Good governance and sustainable
development are indivisible.

(Kofi Annan)

An African journalist sits in the press centre and writes a text. Copyright: BMZ

Good Governance

Progress and development are not underpinned by economic advancement alone, but also by good governance. "Weak" governments, arbitrary legal and judicial systems, corruption and poorly functioning administration are also massive obstacles to development. Since the mid-1990s, good governance has therefore become a key concept in development strategies. The promotion of good governance involves creating the right political conditions for successful social, environmental and economic development in the partner countries in which development cooperation takes place. more


The Millennium Declaration stresses that the right of all people to live in dignity and freedom is best ensured through democratic governance based on the will of the people. Yet many democracies are still emerging, suffer from weak or corrupt government structures, are unable to guarantee legal certainty and fail to protect human rights. The international community is united in the view that capacities for implementing democratic principles and procedures must be strengthened in every country. Germany has agreed with 32 partner countries to make "Democracy, civil society, governance" a priority area of cooperation. more


The World Bank estimates that the global costs of corruption – whether in the form of bribery, embezzlement, misappropriation, patronage practices or nepotism – amount to between one and four thousand billion US dollars every year. Through corruption public resources are wasted instead of being used to promote sustainable development in the interest of all sections of the population. Corruption also endangers the development of democratic structures and puts the legitimacy of the state in question. Tackling corruption is therefore an area to be addressed in its own right as well as an across-the-board issue of German development cooperation. more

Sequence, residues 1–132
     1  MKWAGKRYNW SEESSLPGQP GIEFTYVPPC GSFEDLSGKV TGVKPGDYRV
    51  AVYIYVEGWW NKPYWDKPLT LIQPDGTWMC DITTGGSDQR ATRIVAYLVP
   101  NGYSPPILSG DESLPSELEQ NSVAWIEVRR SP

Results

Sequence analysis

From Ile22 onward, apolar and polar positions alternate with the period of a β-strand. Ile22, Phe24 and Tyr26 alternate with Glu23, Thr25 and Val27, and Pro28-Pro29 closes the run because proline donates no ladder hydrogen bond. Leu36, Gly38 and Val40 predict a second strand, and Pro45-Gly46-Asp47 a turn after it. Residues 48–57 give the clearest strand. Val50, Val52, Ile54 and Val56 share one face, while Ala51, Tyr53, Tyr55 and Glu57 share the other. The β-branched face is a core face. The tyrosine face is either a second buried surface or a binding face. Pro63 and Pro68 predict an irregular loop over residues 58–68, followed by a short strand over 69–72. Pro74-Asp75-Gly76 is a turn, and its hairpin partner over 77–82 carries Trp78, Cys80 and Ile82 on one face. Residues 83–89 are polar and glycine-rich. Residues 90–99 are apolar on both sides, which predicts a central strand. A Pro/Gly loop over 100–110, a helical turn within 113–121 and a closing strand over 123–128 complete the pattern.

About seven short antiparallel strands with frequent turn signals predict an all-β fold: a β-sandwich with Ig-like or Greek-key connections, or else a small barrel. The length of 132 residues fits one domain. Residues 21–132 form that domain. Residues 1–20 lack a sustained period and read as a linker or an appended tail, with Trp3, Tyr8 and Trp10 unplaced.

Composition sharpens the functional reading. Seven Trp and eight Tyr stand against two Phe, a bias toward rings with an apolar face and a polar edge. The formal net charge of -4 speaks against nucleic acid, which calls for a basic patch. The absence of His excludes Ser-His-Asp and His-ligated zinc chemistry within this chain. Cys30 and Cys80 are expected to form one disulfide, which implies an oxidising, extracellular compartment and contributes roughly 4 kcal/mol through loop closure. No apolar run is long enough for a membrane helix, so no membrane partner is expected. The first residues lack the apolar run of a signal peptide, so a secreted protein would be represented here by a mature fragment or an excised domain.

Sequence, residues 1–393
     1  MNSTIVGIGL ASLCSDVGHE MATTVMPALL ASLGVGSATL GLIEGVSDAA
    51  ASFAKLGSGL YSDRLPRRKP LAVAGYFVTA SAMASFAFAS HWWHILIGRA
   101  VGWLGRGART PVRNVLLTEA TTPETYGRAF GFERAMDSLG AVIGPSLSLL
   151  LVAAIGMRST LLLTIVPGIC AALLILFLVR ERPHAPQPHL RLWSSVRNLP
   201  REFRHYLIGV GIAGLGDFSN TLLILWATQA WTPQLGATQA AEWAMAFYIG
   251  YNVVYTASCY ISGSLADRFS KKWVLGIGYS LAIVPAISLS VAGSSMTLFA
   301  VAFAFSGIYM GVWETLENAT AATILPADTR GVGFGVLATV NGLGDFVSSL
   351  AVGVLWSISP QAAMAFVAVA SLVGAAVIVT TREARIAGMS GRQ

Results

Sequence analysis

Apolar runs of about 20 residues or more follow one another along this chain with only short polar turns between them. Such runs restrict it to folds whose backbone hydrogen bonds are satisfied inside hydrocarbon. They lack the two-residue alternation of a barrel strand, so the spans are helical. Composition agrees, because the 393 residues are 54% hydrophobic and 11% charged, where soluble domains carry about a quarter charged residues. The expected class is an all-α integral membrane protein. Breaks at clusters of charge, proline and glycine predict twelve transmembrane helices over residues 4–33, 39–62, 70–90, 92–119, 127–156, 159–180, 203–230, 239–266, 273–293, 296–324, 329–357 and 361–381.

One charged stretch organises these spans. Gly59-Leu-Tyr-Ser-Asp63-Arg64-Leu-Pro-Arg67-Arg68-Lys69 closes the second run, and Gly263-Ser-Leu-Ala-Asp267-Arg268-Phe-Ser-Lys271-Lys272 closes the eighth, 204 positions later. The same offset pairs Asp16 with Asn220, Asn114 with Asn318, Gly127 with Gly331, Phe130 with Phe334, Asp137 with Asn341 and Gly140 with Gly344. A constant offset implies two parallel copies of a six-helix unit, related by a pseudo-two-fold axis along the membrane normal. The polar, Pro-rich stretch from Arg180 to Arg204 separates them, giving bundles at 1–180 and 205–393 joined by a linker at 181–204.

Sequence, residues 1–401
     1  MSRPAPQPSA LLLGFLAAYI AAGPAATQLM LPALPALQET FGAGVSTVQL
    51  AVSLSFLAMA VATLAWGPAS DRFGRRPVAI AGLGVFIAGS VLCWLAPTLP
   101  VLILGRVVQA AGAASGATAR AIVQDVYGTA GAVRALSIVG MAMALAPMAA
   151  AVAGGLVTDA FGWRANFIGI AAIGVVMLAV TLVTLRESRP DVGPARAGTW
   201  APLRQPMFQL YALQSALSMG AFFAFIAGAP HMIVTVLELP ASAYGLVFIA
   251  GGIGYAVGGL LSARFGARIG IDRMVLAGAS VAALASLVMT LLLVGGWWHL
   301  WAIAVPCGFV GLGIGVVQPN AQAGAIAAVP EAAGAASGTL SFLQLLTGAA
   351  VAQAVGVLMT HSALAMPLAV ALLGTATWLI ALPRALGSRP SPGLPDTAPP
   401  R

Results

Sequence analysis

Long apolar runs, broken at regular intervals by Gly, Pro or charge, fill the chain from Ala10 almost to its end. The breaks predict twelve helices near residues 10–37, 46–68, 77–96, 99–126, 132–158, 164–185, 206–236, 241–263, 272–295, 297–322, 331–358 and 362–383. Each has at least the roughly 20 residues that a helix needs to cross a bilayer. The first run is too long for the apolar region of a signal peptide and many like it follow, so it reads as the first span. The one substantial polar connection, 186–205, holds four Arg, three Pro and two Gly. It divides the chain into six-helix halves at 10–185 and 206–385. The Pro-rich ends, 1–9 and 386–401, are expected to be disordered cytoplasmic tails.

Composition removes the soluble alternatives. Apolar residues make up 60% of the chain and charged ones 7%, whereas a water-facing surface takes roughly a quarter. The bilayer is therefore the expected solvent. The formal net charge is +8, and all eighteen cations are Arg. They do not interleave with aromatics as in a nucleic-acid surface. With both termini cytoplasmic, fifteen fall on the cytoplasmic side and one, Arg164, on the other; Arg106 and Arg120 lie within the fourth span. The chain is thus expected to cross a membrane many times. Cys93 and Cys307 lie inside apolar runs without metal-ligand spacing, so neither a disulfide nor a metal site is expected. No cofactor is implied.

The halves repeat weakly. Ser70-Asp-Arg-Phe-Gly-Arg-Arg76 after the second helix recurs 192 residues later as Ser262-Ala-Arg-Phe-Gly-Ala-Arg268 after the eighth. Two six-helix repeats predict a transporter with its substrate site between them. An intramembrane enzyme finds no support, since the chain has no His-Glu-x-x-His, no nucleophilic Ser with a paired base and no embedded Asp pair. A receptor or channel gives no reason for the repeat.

EITI – Transparency in extractive industries

Many developing countries are rich in natural resources but poor in development opportunities. As a result of mismanagement, corruption and local conflicts, national revenues from the trade in natural resources often fail to benefit the poor. The World Summit for Sustainable Development in Johannesburg in 2002 therefore set up the Extractive Industries Transparency Initiative (EITI). Its aim is to increase the transparency of the cash flows resulting from the extraction of oil, gas and other natural resources, in order to prevent misuse of these funds. more

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